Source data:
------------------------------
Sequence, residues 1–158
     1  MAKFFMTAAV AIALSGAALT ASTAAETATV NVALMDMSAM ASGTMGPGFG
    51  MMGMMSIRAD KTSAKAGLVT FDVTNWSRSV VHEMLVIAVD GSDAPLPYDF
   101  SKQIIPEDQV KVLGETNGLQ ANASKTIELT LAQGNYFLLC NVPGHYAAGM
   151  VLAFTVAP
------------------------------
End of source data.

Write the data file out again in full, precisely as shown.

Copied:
Sequence, residues 1–158
     1  MAKFFMTAAV AIALSGAALT ASTAAETATV NVALMDMSAM ASGTMGPGFG
    51  MMGMMSIRAD KTSAKAGLVT FDVTNWSRSV VHEMLVIAVD GSDAPLPYDF
   101  SKQIIPEDQV KVLGETNGLQ ANASKTIELT LAQGNYFLLC NVPGHYAAGM
   151  VLAFTVAP